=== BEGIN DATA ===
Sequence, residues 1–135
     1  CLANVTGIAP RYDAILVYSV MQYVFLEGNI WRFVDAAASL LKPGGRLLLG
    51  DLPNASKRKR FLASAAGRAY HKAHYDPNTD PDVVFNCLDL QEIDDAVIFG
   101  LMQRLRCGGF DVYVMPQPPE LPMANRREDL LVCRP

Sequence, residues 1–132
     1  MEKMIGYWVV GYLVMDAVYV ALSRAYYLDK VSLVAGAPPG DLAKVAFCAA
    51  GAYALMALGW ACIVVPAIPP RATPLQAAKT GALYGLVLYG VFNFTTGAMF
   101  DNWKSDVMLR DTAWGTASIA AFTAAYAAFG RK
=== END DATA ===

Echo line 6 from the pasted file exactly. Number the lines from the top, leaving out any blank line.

     1  MEKMIGYWVV GYLVMDAVYV ALSRAYYLDK VSLVAGAPPG DLAKVAFCAA